By Ochereome Nnanna
“Kano, my Kano”.
What a rhapsodic opening to a new book by Dr. Okey Anueyiagu, a frontline intellectual, businessman and philanthropist.
These endearing words portray more than mere sentimental attachments to the author’s place of birth. Kano was a place where the Anueyiagu family enjoyed a sense of belonging and connection to the highest socio-political and cultural authorities possibly facilitated by the status of Chukwuma Anueyiagu, Okey’s father (1915-2015), as a high-flying journalist and businessman.
Imagine what a rude shock it was when, out of the blue, a bloody misadventure by a group of young Nigerian military officers brought fire and brimstone from hell on the Igbo people.
It was the bloodiest genocide in Africa which, till today, still trumps the Rwanda genocide of 1994, no disrespect to the bestial intensity of the latter.
Anueyiagu, on page 51, listed 22 names of the “Igbo coup” perpetrators, out of which only two: Major Chukwuma Kaduna Nzeogwu and Major Emmanuel Ifeajuna, were Igbo.
It was conveniently so dubbed because political leaders of other ethnic groups (especially the North) were killed, while those of Igbo stock were spared and power devolved to an Igbo military general, JTU Aguiyi-Ironsi.
For those hurt by the first coup of January 15, 1966, it was just not enough to conduct a revenge coup. And rather than punish the culpable officers, the entire Igbo ethnic group was targeted for mass killings and eventually pushed into a genocidal war.
I marvel at Anueyiagu’s emotional stamina, photographic memory and tenacity of research with which he portrayed the horrors of the pogroms (which the family escaped by dint of providence), the family’s escape to the East, the war, genocides by the invading troops and mass civilian starvation (especially of children).
The rich trove of graphic photos of human miseries are not for the faint-hearted. While all these happened the world looked away. A major colonial and world power, the so-called “great” Britain, was the invisible master puppeteer orchestrating the tactical, financial, military and technical support for the extermination of the Igbo nation by the Nigerian government led by Northern Nigerian jihadists masquerading as revanchists.
While in the East, the attitude of the Northern soldiers towards the Igbo population was typical of today’s Boko Haram: there was no civilised rules of military engagement.
Ironically, the bulk of the overzealous and bloodthirsty Northern soldiers were non-Muslims or “Christians” from the Northern minority tribes of the Middle Belt and Southern Kaduna who today have become defenceless against expansionist herdsmen jihadists.
Okey, like other Biafran teenagers, served as a member of the Boy’s Company, helped in the relief effort and later was conscripted into the Biafran Army. He is one of the lucky ones who survived to tell his enthralling story.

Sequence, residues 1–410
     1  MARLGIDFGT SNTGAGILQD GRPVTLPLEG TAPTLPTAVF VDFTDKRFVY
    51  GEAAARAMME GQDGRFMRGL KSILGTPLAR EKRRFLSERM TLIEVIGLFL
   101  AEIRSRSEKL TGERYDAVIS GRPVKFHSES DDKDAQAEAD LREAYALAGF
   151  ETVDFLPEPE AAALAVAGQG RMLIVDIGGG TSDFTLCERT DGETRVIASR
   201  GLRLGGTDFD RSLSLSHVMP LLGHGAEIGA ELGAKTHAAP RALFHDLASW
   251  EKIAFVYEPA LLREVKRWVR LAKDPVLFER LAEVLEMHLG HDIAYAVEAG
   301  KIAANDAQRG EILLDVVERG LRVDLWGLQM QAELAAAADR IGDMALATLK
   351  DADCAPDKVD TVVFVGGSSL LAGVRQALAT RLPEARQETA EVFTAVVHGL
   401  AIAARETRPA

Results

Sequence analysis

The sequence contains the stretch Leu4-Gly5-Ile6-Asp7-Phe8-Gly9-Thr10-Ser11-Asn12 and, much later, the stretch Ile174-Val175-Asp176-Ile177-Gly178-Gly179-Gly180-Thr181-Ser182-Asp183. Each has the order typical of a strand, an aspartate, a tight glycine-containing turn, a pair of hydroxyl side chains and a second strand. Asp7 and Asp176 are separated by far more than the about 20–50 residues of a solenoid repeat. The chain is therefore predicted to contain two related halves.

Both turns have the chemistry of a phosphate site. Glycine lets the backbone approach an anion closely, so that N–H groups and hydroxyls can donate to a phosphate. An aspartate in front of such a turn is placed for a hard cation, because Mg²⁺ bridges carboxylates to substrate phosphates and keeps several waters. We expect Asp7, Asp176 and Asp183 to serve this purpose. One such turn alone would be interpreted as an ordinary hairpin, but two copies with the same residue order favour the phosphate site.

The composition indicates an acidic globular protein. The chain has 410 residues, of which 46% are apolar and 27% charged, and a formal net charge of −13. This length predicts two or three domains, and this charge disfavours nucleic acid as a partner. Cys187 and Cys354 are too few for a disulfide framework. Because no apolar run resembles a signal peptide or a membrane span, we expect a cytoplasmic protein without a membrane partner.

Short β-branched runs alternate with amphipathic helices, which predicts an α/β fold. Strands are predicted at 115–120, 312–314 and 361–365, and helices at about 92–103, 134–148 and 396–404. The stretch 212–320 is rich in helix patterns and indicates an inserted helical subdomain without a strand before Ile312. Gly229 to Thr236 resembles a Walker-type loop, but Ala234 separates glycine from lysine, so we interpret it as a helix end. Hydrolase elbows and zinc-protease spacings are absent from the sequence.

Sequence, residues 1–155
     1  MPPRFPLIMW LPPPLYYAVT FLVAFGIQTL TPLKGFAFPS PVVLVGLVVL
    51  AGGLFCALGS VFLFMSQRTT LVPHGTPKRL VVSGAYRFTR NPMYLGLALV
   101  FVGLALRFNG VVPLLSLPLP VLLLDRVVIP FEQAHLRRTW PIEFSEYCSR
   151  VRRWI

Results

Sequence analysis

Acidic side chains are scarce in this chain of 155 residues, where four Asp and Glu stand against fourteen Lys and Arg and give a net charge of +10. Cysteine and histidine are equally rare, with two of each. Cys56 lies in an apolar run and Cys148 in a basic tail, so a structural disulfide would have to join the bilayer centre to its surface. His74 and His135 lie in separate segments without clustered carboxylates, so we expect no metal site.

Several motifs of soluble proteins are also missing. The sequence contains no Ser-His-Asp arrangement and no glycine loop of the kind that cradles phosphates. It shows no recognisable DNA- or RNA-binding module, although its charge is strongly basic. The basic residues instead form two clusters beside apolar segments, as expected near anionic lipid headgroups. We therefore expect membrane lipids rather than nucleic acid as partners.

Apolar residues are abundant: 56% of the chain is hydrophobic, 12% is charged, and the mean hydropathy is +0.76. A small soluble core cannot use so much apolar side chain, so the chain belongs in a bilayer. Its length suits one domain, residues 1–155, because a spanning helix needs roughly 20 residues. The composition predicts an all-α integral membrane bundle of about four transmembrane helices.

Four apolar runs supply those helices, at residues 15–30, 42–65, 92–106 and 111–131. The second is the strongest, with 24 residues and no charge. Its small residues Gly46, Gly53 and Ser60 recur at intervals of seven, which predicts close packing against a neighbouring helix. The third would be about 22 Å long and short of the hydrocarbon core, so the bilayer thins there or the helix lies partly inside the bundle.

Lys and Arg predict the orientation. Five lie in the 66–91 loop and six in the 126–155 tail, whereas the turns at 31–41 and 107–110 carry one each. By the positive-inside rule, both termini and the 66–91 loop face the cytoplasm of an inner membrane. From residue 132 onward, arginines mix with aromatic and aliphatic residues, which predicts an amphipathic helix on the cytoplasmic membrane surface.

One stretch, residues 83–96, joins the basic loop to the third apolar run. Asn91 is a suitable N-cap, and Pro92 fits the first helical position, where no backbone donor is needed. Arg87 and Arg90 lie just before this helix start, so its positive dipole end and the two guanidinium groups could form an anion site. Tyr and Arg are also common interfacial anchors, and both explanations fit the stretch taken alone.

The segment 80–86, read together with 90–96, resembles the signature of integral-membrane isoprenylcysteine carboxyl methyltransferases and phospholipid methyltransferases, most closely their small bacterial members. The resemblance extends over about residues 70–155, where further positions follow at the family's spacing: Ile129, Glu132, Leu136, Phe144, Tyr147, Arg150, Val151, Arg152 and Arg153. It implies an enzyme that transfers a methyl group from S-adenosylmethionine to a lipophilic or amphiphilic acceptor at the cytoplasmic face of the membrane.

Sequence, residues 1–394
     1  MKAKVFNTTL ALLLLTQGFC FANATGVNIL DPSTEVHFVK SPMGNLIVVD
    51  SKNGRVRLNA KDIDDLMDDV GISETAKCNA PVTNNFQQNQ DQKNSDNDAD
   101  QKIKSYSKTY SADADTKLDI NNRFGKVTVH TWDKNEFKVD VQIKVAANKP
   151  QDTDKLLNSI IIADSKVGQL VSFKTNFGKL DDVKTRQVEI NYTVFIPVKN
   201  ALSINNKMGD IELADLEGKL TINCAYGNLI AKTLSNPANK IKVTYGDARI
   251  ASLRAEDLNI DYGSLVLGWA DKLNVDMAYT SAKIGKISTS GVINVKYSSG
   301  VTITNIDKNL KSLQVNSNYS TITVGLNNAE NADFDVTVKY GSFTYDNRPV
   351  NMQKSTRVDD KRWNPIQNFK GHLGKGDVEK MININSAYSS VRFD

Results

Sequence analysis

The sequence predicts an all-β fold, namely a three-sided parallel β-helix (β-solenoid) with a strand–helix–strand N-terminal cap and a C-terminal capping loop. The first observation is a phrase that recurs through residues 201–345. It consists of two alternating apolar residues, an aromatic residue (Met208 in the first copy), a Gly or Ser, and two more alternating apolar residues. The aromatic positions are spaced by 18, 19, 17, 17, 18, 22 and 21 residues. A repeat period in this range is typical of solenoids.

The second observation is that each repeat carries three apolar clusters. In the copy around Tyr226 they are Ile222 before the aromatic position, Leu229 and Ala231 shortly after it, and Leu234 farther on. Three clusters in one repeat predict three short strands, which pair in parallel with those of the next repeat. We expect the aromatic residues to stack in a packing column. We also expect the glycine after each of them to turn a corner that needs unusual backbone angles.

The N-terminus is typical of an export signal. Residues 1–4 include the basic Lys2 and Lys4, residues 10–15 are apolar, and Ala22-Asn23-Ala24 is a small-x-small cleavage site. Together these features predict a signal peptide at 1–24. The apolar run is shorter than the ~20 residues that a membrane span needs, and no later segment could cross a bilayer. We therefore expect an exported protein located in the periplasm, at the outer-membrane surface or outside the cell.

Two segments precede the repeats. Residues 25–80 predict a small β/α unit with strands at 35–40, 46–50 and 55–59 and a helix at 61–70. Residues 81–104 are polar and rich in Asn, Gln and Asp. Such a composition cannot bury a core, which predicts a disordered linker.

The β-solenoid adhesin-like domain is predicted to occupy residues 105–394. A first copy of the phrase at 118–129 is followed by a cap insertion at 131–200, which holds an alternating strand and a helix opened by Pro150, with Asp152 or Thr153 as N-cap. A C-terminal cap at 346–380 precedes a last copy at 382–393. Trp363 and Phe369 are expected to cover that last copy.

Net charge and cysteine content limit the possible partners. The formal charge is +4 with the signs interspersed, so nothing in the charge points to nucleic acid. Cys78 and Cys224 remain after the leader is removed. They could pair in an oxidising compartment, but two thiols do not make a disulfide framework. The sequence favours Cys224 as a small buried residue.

Among the photographs displayed on pages 129 and 144 of Okey Anueyiagu’s Biafra, the Horrors of War, the Story of a Child Soldier is the burning body of Bruce Mayrock, a 20-year-old American student of Columbia University.
In protest, and to draw the world’s attention to the atrocities in Biafra, Mayrock had doused himself in petrol and set himself ablaze in front of the United Nations building in New York.
But, of course, the world only sees what it wants to see. Till today, unlike the Jewish Holocaust, the depth of the Biafran tragedy remains a generally-glossed over and unsolved chapter of world history.
Anueyiagu’s effort to dig deep and dirty is an obvious attempt to bring it all back to the front burner.
Biafra, the Horrors of War leaves me with several takeaways. Number one is the futility of the ethno-religious demons among Nigerians.
It is causing us a lot of pain and making development impossible. Neither the “victor” nor “vanquished” is happy. If anything, the “vanquished” appears happier. Yet, these demons have proved unable to disconnect the residual humanity binding us.
Okey Anueyiagu’s father would not have lived for 100 years if not for the uncommon personal sacrifices of the late Emir of Kano, Alhaji Ado Bayero, and father of Talakawa politics, Mallam Aminu Kano.
These Kano noble men had to personally escort Pa Okechukwu Anueyiagu to Makurdi, the last gate to freedom. They were the ones who saved Okey’s father from being executed by one officer “John”. After the war, the Anueyiagu’s reunited with their Kano friends. In fact, Okey is married to Hadiza, a Northerner.
A book like this must have a purpose. Okey’s purpose is to tell his story of Biafra and its miseries in as evocative and illustrative manner as possible. But more importantly, Okey seeks to show that Nigeria has proved an irredeemable case.
“There are so many unanswered questions about the Nigeria-Biafra war that beg for a clear resolution…the pogrom and massacre of Igbos…are high crimes that were not investigated” (pp.209, 210). And the ruling establishment appears hell-bent that the lid remains firmly shut.
The Igbo nation, at least on three occasions, has fought for the change that Nigeria needs to escape our 50 years of post-war quagmire: the 1994/96 Abacha Conference, the 2006 Obasanjo Conference, and the 2014 Jonathan Conference.
All were scuttled by the North. Dr. Anueyiagu was a resource person for the Igbo delegates to the Jonathan Conference. Their work is well displayed in the book.
When there is no inquest, contrition, apology, recompense, or need to turn a new leaf after millions of lives were wasted, how can Nigeria hope to move forward? Nigeria remains a killing field. Today, the North (Muslim and Christian alike) are at the receiving end of mass slaughter by fellow northerners! The North has turned the gun and sword against itself! Is this karma, or what?
It is very sad and regrettable. Despite everything, some of our best and most valued friends, brothers, and compatriots are from the North! This is not our wish for them!